Using ADO to Access Data

In the last chapter, you were introduced to one of the two data access models that Access supports: Data Access Objects (DAO). In this chapter, we will closely examine the other model: ActiveX Data Objects (ADO).

Recall from Chapter 6 that DAO was the default data access technology in the early versions of Access. In fact, Access was bound so closely to the Jet database engine by the fact that developers used Access as both the front-end user interface and the back-end data store that they rarely felt a need for anything else. As applications design evolved from standalone to client/server architectures, the need to connect to and access data from disparate data sources became more and more important. Although Microsoft made several attempts at evolving DAO into a remote data access technology, its real forte was in accessing data from local Jet databases. This is where ADO comes in. When you need to connect to external data sources, you need to start using ADO, because ADO is specifically designed to connect to a wide variety of external data sources.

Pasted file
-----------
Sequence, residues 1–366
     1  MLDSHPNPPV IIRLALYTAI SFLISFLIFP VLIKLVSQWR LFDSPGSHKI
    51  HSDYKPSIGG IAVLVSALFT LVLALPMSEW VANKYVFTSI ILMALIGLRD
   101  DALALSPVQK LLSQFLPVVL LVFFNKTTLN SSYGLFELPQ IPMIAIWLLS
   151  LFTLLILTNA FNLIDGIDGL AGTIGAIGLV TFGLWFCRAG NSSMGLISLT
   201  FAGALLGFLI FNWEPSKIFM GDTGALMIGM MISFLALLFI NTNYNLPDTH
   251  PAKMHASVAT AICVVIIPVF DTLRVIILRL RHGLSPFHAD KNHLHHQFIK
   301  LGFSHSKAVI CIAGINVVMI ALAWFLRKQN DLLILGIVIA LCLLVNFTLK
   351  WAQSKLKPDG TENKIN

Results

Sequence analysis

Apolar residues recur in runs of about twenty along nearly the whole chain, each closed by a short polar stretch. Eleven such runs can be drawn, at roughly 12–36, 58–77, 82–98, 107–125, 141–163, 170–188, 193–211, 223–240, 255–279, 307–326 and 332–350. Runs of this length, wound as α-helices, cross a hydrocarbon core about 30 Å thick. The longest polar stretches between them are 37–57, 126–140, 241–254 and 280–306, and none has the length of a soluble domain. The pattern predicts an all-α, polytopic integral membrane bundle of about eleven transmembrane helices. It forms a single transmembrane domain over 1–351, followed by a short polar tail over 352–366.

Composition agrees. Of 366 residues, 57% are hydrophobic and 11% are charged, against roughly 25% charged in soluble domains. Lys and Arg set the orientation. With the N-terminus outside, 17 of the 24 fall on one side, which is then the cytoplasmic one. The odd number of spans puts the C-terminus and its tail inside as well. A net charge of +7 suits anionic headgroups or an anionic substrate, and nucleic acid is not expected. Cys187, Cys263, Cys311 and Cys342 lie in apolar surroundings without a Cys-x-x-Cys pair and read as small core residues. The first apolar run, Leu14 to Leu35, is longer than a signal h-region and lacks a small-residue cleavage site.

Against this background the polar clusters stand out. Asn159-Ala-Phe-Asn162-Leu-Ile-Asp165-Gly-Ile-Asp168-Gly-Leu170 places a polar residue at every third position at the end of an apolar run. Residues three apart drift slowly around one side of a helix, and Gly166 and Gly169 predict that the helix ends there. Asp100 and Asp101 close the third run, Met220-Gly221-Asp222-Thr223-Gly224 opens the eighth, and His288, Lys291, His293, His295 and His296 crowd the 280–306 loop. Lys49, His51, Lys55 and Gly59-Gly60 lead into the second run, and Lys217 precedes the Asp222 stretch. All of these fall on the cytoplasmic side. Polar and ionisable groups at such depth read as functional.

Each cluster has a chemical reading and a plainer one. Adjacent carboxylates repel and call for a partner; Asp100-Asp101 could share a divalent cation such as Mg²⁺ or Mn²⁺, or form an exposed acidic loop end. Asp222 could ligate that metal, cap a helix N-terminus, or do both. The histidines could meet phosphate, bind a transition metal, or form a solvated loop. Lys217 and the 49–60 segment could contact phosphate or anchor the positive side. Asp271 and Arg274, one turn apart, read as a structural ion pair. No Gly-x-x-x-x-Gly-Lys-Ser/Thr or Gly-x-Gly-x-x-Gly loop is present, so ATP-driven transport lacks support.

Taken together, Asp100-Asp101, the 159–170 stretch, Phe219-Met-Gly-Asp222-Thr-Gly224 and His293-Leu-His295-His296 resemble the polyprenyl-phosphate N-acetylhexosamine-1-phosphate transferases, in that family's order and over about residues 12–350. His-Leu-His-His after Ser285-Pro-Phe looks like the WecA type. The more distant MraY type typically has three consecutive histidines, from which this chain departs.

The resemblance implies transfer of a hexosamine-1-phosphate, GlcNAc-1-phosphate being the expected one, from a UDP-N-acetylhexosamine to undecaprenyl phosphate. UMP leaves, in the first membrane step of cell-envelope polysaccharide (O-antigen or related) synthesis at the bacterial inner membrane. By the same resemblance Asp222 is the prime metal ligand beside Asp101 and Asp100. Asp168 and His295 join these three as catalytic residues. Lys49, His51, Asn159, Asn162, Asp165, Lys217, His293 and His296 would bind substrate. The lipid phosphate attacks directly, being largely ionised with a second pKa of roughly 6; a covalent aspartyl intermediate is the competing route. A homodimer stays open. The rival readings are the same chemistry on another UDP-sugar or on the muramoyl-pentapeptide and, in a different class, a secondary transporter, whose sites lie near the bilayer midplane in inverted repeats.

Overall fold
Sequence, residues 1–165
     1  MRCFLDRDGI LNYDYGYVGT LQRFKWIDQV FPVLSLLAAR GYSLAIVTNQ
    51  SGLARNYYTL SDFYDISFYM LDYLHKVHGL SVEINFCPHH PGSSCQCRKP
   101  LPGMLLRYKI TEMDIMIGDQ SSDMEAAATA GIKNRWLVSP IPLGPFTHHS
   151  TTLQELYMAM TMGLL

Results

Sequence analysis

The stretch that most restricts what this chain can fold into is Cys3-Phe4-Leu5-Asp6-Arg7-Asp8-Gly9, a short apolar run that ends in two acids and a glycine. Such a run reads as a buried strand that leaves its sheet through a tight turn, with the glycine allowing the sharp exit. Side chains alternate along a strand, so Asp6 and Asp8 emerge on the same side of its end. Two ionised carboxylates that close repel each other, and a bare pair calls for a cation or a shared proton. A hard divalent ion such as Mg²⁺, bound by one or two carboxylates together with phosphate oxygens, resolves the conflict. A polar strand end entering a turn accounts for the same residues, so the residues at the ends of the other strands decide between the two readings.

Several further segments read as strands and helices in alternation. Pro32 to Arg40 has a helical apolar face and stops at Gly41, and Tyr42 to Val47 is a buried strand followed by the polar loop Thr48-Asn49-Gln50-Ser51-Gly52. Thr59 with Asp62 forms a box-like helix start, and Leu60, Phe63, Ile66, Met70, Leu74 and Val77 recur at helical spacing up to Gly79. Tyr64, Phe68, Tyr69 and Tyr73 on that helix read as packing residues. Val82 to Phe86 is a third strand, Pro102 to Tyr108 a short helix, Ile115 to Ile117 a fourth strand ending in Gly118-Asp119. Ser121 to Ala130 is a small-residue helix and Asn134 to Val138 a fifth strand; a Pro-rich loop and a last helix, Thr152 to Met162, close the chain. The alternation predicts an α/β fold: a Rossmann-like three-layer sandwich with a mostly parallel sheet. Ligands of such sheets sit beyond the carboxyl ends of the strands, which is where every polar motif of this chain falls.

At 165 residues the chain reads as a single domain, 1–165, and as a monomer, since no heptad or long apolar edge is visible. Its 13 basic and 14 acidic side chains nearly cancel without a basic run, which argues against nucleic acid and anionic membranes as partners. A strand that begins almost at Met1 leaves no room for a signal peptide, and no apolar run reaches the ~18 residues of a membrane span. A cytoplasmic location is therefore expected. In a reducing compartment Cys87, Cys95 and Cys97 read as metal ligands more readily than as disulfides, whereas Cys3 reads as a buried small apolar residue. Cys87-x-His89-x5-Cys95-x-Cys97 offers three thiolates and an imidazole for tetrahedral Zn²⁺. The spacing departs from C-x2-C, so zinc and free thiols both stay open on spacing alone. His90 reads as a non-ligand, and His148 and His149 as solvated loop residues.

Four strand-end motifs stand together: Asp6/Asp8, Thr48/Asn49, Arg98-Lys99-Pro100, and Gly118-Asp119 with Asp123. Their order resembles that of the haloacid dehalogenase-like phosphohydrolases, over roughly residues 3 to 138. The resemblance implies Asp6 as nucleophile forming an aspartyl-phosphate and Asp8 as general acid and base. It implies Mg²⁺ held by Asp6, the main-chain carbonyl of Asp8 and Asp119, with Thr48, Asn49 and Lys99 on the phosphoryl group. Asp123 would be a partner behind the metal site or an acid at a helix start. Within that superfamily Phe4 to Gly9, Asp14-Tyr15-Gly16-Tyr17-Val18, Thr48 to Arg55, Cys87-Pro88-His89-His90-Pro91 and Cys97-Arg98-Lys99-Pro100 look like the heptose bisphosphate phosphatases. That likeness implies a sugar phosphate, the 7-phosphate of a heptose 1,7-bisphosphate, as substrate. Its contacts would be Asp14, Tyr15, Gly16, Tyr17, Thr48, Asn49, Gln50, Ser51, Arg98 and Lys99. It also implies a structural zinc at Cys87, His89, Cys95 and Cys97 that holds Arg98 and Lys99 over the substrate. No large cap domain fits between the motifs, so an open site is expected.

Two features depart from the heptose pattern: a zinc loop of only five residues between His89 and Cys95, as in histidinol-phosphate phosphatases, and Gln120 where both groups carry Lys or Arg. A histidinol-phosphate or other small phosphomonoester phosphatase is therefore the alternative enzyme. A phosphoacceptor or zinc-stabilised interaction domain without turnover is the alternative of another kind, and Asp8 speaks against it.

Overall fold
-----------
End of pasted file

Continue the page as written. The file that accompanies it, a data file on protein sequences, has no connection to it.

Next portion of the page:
ADO is a part of Microsoft's data access vision of the future, called Universal Data Access (UDA), in which a single method is used to retrieve data from any data source, which may include relational databases, the mainframe indexed sequential access method/virtual storage access method (ISAM/VSAM), hierarchical databases, e-mail, disk files, graphical data, and so on.

OLE DB (Object Linking and Embedding Databases) is the interface that enables UDA. ADO is a development interface for OLE DB and replaces both DAO and RDO.

OLE DB sees the world in terms of data providers, which act as an interface between the data source and the consumer of the data. Although OLE DB was written for procedural programming models, ADO sits atop OLE DB, providing programmers with an object-oriented model they can use to access and manipulate the data sources.

When you use Access 2003 to create a standard Jet database (MDB), by default, Access uses the Jet OLE DB provider to manage the connection to the data store. Confirm this by entering the following line of code in the Visual Basic Editor's Immediate window:

?CurrentProject.Connection

You'll see the returned connection string begins with the following:

Microsoft.Jet.OLEDB.4.0;

Similarly, Access uses the Access OLE DB provider when you create an Access Data Project (ADP) against the SQL Server or MSDE. The same property call returns a connection string that begins thus:

Microsoft.Access.OLEDB.10.0;

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